A fairly straightforward example of durability mechanics enabling a fun time can be found in Zelda: Breath of the Wild. In that game, all weapons will do bonus damage and send the target flying backwards during the attack that the weapon goes from functional to broken. This opens up a tactic where players can plan which enemy you break their weapon on and keep some weapons in their inventory in critical condition so they can always make use of that last superpowered strike. It is a fun and inventive feature that sadly becomes less viable as the player obtains sturdier, more valuable weapons.

Another creative use of a durability mechanic is in the FromSoft game Dark Souls. Early in the game, there is a somewhat secret weapon called the Drake Sword. Part of what makes this an interesting weapon is that it uses a powerful bonus attack to encourage players to fight without a shield (a tactic that goes against the survival instincts Dark Souls tends to instill in you). What makes this relevant is that the bonus attack also lowers the durability of the Drake Sword so that it will eventually break and become far less helpful. This feature makes the weapon a very powerful learning tool, and a unique and interesting weapon, without threatening the game’s meticulously crafted progression system.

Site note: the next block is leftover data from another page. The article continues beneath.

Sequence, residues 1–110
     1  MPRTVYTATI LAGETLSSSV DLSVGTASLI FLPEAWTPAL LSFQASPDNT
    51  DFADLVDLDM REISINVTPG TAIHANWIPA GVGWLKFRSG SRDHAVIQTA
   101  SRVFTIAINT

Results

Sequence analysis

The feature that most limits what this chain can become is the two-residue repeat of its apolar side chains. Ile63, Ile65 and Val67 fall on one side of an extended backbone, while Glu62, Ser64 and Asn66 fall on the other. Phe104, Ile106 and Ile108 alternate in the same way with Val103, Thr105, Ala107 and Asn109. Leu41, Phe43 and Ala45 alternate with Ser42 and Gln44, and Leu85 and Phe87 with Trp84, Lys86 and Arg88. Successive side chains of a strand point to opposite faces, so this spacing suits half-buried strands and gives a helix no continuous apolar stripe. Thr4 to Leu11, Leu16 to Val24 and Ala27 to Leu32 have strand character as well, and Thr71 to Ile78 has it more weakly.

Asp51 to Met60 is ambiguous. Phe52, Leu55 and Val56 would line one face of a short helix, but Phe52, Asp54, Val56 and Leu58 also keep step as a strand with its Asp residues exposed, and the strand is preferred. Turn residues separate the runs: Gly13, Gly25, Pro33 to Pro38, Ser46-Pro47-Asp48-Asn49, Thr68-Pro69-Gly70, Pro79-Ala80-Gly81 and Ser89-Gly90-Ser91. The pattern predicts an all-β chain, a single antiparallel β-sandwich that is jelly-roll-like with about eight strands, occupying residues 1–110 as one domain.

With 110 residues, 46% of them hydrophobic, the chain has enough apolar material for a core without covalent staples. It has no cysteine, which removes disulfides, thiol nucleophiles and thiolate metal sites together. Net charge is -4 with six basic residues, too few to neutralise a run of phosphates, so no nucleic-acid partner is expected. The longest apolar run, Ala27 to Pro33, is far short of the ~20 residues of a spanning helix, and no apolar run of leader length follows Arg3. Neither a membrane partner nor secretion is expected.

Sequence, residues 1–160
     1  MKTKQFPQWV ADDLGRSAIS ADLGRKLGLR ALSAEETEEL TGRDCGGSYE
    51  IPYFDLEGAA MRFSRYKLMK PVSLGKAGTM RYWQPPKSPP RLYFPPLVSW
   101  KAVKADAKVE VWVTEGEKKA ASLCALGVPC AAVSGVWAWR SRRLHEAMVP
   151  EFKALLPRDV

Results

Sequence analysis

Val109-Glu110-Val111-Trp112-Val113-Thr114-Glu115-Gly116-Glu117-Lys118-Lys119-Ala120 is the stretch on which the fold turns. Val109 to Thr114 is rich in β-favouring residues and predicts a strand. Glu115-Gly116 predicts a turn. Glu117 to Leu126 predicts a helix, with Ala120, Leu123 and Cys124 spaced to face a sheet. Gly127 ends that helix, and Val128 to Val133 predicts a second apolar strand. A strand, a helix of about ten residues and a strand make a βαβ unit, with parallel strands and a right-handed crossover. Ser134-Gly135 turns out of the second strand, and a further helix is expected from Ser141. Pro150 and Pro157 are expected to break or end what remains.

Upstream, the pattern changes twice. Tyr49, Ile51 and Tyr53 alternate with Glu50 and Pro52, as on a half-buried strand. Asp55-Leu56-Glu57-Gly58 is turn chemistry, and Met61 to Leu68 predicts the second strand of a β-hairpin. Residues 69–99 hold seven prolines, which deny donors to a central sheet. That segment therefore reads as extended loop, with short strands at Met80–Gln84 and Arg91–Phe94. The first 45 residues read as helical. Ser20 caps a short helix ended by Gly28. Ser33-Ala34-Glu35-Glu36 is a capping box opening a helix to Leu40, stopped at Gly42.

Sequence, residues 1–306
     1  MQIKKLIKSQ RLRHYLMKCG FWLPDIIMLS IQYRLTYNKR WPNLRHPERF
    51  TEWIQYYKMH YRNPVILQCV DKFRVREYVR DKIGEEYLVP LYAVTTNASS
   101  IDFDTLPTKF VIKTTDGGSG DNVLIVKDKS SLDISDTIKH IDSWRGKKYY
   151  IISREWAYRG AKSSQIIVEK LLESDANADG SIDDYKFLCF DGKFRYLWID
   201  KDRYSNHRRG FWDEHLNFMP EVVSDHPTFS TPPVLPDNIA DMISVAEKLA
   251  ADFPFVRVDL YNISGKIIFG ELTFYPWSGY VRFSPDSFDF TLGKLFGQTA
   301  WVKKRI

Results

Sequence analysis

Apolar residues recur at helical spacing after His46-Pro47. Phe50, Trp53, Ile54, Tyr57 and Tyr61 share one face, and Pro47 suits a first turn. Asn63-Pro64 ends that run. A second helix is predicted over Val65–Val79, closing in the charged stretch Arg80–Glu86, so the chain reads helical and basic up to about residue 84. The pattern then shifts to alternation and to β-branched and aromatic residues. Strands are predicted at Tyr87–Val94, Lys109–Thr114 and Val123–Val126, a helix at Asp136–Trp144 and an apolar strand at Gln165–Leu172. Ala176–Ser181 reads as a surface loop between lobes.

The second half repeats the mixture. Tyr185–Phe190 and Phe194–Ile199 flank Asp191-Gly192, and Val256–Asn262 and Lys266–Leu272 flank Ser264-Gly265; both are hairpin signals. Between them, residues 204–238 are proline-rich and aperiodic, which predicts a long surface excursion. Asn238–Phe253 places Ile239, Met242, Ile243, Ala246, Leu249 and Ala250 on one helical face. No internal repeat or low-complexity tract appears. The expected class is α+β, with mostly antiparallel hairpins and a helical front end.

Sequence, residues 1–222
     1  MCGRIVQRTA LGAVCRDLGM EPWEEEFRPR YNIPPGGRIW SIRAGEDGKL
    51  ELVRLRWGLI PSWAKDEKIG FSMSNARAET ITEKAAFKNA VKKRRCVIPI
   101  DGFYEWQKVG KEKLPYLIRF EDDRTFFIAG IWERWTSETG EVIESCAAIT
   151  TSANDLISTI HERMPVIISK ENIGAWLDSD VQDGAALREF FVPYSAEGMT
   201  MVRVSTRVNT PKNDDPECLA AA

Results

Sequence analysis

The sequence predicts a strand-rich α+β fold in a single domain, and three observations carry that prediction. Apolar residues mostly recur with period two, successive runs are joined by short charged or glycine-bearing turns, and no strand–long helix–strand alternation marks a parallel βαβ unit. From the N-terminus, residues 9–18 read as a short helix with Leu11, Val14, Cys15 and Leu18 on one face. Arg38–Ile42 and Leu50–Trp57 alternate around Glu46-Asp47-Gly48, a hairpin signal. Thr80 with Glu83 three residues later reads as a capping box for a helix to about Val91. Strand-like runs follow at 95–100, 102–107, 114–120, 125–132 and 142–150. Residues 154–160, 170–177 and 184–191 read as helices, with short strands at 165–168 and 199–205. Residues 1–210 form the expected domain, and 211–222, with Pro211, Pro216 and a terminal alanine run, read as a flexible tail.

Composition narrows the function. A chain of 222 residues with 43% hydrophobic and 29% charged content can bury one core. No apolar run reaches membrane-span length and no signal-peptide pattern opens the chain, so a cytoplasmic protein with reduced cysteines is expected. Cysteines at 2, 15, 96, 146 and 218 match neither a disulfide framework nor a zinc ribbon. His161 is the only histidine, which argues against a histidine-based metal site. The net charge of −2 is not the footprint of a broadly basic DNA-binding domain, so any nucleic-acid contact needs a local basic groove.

As a whole, durability mechanics alternate between being a necessary evil and being a useful tool for developers to organically limit players, often to their benefit. The savvy amongst you may have noticed that all I have said is an explanation of why durability mechanics exist, not if they are worth keeping around. That is because I am not so sure myself. After all, some of us like to use a single weapon throughout an adventure, because we like her so much and have named her Vera, and durability mechanics prevent us from doing that. Others have a pretty good idea how sturdy a steel hammer is, so seeing one disintegrate after a handful of swings brings us out of the experience. Heck, most of us just don’t want the stress of deciding if a mid-level enemy is worth getting the nicer gear out of our backpacks.

So what is your take on durability mechanics? Is it a valuable method of limiting the players to encourage creativity, or just a bit of realism as counter productive as digestive mechanics and anxiety meters? I’m pretty sure neither of those exist, but my brain insists that there is intense dramatic potential in having the main character stressing out while looking for a unoccupied toilet.

Feel free to write your facts or opinions in the comments below, and I hope to see you when you next enter the Tavern.